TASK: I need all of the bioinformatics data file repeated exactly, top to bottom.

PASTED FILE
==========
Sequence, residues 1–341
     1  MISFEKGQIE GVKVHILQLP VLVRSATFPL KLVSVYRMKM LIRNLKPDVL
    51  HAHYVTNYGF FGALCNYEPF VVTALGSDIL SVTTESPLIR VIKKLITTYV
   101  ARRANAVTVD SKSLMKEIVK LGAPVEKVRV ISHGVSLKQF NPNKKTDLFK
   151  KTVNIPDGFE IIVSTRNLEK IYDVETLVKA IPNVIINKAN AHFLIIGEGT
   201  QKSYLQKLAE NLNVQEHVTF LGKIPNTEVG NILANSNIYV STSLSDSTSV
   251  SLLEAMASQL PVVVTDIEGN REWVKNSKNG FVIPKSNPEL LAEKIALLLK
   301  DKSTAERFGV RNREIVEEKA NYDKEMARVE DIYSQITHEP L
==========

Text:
Sequence, residues 1–341
     1  MISFEKGQIE GVKVHILQLP VLVRSATFPL KLVSVYRMKM LIRNLKPDVL
    51  HAHYVTNYGF FGALCNYEPF VVTALGSDIL SVTTESPLIR VIKKLITTYV
   101  ARRANAVTVD SKSLMKEIVK LGAPVEKVRV ISHGVSLKQF NPNKKTDLFK
   151  KTVNIPDGFE IIVSTRNLEK IYDVETLVKA IPNVIINKAN AHFLIIGEGT
   201  QKSYLQKLAE NLNVQEHVTF LGKIPNTEVG NILANSNIYV STSLSDSTSV
   251  SLLEAMASQL PVVVTDIEGN REWVKNSKNG FVIPKSNPEL LAEKIALLLK
   301  DKSTAERFGV RNREIVEEKA NYDKEMARVE DIYSQITHEP L